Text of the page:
Here's a great drill that will help you dial in your contact: Next time you're on the course, take along two extra balls and a permanent or dry erase marker. If you're using range balls, definitely use the dry erase marker so that you won't permanently mark them up.
Using your marker, draw a big dot on the ball so that you can see where you're striking the ball each time by where your impact mark compares to the dot. If you find that you're hitting the ball too much on the toe or heel of the ball, you can use the following drill.
If you're hitting too much ahead of the dot, set up two balls in a line away from you, with the dot ball being the one farthest from you. Often, the cause of toeing the ball is striking with your arms too close to your body. Tee up to the closer ball but strike the dotted ball to help yourself feel the right extension in your arms.
If you have the opposite problem, tending to heel the ball, perform the same drill but place the dotted ball closer to you and tee up on the farther ball.
Financial Question of the Week
Do you really need a financial advisor?
If there is one thing that many investors "know for sure," it's that the need for financial advisers went out the window with the advent of online trading and index mutual funds.
Is that true? Are advisers the 21st Century equivalent of the buggy whip?
Not according to a recent research report by Vanguard called "Advisor's alpha." Vanguard suggests that advisers can help add value if they "act as wealth managers and behavioral coaches, providing discipline and experience to investors who need it." Here are three areas where Vanguard suggests advisers can add value.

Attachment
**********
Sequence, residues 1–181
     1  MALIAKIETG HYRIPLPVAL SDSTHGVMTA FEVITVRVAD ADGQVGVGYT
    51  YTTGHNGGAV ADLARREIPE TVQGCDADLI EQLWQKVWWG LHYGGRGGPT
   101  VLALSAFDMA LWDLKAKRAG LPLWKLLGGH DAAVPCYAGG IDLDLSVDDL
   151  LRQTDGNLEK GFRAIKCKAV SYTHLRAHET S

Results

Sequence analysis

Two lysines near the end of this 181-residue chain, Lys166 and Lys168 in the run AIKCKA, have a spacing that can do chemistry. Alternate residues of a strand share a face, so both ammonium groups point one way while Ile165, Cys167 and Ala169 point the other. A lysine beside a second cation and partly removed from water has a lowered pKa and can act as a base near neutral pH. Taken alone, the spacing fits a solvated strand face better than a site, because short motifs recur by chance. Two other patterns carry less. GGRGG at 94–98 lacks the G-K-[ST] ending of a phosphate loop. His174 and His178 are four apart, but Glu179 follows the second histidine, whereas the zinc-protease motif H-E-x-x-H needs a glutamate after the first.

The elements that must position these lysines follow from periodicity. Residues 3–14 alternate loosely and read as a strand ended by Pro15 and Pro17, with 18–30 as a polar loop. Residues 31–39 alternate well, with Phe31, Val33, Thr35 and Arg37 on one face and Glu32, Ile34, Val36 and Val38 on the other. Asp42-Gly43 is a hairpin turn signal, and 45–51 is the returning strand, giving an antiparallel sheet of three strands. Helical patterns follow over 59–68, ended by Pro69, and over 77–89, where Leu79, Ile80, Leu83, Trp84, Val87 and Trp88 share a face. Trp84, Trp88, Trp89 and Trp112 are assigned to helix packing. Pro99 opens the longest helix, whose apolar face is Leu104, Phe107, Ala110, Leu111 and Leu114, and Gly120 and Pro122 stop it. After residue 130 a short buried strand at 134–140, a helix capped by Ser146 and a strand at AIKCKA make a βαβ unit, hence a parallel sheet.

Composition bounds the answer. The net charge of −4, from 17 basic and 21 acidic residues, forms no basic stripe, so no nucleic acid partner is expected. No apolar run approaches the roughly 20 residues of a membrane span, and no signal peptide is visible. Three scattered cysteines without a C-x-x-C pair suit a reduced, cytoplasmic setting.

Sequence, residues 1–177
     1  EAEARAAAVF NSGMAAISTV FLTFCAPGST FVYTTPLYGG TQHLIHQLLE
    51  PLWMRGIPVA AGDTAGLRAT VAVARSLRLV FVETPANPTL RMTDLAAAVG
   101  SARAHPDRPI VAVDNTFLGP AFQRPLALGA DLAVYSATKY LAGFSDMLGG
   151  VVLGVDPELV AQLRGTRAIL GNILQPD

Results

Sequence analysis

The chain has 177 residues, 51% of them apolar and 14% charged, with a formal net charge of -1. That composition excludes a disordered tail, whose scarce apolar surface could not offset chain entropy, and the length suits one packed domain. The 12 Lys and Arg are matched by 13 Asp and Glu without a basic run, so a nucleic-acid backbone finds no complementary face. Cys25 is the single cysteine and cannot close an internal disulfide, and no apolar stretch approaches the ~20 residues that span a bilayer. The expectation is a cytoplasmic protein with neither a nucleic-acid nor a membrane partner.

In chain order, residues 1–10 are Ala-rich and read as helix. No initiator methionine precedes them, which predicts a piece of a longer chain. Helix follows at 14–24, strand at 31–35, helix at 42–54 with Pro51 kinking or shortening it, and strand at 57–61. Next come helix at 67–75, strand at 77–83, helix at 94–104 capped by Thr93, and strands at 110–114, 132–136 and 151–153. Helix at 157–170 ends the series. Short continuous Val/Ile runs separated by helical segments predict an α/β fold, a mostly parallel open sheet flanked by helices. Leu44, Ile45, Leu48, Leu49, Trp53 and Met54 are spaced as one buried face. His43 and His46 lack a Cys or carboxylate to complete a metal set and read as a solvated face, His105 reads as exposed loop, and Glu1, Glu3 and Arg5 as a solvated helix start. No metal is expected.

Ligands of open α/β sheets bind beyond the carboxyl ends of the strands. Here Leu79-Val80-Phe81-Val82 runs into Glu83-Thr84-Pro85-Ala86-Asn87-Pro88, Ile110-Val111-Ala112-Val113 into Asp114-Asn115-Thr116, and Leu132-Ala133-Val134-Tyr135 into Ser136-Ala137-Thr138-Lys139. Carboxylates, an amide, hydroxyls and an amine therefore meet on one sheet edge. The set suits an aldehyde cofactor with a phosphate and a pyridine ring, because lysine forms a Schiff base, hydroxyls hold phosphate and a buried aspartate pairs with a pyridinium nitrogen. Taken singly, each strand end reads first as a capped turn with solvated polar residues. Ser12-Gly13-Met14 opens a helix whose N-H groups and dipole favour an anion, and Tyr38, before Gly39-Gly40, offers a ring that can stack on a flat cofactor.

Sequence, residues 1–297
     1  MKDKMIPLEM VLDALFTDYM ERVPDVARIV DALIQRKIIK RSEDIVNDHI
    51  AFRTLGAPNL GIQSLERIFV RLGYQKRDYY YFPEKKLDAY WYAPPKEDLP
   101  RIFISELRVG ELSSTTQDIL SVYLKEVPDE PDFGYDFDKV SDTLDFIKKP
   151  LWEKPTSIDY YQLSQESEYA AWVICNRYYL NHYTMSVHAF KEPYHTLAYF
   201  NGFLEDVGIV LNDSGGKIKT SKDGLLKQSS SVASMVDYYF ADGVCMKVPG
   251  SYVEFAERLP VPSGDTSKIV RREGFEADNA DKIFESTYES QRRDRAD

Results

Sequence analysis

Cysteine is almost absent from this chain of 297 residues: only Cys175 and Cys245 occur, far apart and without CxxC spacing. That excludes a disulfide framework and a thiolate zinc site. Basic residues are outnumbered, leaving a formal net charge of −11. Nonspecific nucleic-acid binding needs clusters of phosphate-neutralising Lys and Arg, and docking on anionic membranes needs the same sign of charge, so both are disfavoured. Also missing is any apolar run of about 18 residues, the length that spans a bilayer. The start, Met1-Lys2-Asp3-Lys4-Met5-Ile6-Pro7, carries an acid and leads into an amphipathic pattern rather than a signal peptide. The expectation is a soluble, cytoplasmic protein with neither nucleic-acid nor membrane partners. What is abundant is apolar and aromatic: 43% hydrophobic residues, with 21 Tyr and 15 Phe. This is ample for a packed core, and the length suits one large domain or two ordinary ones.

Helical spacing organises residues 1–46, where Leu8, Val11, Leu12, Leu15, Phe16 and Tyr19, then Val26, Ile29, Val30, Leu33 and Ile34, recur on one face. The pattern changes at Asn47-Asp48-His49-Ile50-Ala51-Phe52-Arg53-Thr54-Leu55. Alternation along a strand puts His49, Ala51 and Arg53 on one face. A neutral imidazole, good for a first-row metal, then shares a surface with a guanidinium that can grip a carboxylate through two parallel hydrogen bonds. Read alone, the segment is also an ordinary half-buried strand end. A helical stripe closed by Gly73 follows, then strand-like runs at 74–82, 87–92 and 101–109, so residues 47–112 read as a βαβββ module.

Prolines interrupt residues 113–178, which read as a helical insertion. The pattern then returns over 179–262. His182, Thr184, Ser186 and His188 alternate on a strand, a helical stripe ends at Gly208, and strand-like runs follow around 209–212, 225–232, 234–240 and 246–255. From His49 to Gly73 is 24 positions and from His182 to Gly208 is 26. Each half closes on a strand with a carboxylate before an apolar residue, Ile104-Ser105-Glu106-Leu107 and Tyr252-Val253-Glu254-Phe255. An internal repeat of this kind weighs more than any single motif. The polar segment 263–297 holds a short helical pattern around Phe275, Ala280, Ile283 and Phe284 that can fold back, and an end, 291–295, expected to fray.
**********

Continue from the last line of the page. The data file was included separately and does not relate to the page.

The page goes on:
Avoiding bad behaviors
In the most recent version of the study, Dalbar showed that the 20-year average returns for the Standard & Poor's 500 Index and Barclays Aggregate Bond indexes were 8.21% and 6.34% respectively. You would expect the average investor return to be in the same general vicinity as the benchmarks. Instead, the average equity investor earned just 4.25% per year and the average fixed income investor earned just 0.98% per year over the same 20-year period.
Vanguard suggests that "Advisors, as behavioral coaches, can act as emotional circuit breakers in bull or bear markets by circumventing their clients' tendencies to chase returns or run for cover in emotionally charged markets."
Asset allocation is a critical element of portfolio return. Some studies conclude that as much as 90% of portfolio return can be attributed to asset allocation. Vanguard points out that many investors "neglect it on their own, overlooking its contribution to their long-term investment success."
Having a suitable asset allocation cannot only bolster returns, but it can have an important psychological effect as well. Vanguard suggests that knowing the allocation "was arrived at after careful consideration, rather than as a happenstance of buying funds with attractive returns ... can serve as an important emotional anchor during those all-too-frequent uprisings of panic or greed in the markets."
Taxes can have a significant effect on portfolio return. This is especially true during retirement when investors begin to draw money from their accounts.
A competent adviser can help clients design a distribution strategy that takes taxes and other important considerations into account, which can increase financial security. Again, according to Vanguard: "A well-thought-out drawdown strategy can improve the likelihood that the client's assets will be able to support his or her financial goals through retirement and beyond, which is a significant - if hard to quantify - added value."
Depending on your situation, a full service wealth manager may be able add value in many more areas than the three listed above. If you or someone you know would like help to analyze your financial position and determine whether or not professional wealth management can add value, please contact my office for a complimentary review.